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Being a webmaster. increasingly difficult

When content doesn't seem to be king anymore

4:27 pm on Oct 9, 2017 (gmt 0)

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Hi webmasters, I always research and try things before posting a thread of a problem, sometimes I find the answer and other times when it's a discussion I might be surprised answering my own question, this is not the exception but can't find the light.

Been a webmaster for years, first website in 1998, and several running with decent traffic to this day. I remember the Wordpress chapter, when everybody said WP was the solution to everything, easy to use, etc, this is not about WP or against it, is about that time when people thought X brand or X cms was the universal answer to all questions. At that time it was difficult to sell something that wasn't Wordpress based, and sure Google even supported blogs and their ecosystem with pingbacks etc. During that period I had two choices (1) keep working to sell non-wordpress and talk about the risks, and (2) work some WP and still talk about the risks. Sure, many had their sites built on WP (by me or by someone else). Soon problems appeared... get a new hosting company, increasing costs, the site is slow, upgrades break the site, plugins breaking the whole thing, etc. It would take too much for a webmaster not knowing what I'm talking about, WP is not a word for problems, but you know how things can turn out.

Later I found clients and companies walking away from WP. "WP? no thanks!", WP is not bad but lost the crown on being an universal magic solution. At that point I haven't mentioned clients or companies talking about content because that's... difficult to find, rare. No WP? good, still many asked for it while hating it, why? they wanted something easy to give to someone else, another webmaster, or one webmaster in the long list to come. I understand standarization, when you want and need something that other developers can pick up. Propietary systems are often rejected in that area, often... didn't say always.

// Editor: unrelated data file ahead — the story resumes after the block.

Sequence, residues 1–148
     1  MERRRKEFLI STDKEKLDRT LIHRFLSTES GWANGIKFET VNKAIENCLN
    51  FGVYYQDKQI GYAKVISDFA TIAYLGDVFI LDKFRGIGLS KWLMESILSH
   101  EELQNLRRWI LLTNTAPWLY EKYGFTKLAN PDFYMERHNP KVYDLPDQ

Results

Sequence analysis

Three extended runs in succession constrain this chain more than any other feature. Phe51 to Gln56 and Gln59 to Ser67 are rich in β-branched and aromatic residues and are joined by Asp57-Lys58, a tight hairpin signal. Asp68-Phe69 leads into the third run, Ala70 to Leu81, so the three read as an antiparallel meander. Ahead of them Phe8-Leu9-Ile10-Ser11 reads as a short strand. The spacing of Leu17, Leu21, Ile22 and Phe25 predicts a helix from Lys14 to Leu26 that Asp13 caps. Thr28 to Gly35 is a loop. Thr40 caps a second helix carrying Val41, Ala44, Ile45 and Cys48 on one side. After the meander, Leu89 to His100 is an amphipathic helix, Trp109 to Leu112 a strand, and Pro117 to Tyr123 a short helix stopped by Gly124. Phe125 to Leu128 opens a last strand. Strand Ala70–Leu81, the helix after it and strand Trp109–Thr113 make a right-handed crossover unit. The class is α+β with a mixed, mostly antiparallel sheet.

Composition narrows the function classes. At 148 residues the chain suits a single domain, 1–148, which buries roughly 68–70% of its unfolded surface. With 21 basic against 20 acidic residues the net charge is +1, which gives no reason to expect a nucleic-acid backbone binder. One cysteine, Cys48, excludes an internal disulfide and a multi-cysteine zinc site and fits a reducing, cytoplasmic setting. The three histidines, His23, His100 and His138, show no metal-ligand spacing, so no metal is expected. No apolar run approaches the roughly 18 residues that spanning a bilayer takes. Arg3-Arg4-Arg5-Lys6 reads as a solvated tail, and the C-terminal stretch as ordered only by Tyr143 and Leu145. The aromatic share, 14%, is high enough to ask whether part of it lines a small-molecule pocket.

Now. Seems like a ghost shadow of the WP chapter. It doesn't matter if you can build a solid website, content, traffic, etc, people and specially companies want to hear you talk Angular, React, Ruby, Sass, Django, Kendo, Laravel, Symfony, Yii, etc. The profile asked for a regional webmaster, here... usually demands: C#, C++, Java, Laravel, Ruby, Cake, Skeleton, Bootstrap, Jquery, .NET, Crystal reports, MYSQL, PHP, Oracle, PostGress, VB and Microsoft Dynamics (also Facebook, FB marketing, social media, video editing...) No kidding, all of them basically (some ask some more). Then you question yourself what kind of task demands all of that, is the system built with duct tape too? you might be an expert on something and might fail on one of the test in other areas.

One big problem is... I've found new hirings are rarely being made by people in the field (coders) is mostly done by human resources personel. I rarely (never?) hear people talking about UX, interface design, testing, traffic, content, strategy... instead they replaced Wordpress by all of that "but you talk PHP + some-weird-framework?". Then I see the job position open again in 6 monyths, workers being replaced and if you think "oh God I finally got that job" being good, then you surprise yourself pickup up ugly code written by someone who has no idea of what was doing, at times seems better not to get that job rather than getting it.

Clients? is happening again. Years ago desktop coders created a chaos, now is happening on the web: clients with terrible past experiences not wanting to invest, why? nobody told them 5 pages of terrible content on a WP would get them nowhere. Still charged big bucks don't want to spend anymore. The local webmaster market is looking more and more like a bad place to be. When you bring this up people tell you "oh but... here and... you did something wrong there"
only to discover this person telling you this never buit a decent website, 200 steady visitors per day seems like a miracle for them, but sure they talk to clients about thousands and thousands of visitors (an actual lie). When you prove your work has 1,000 visitors per day minimum, o worse, more: 2K, 3K, 4K... they don't get it and look at you as if it wasn't true.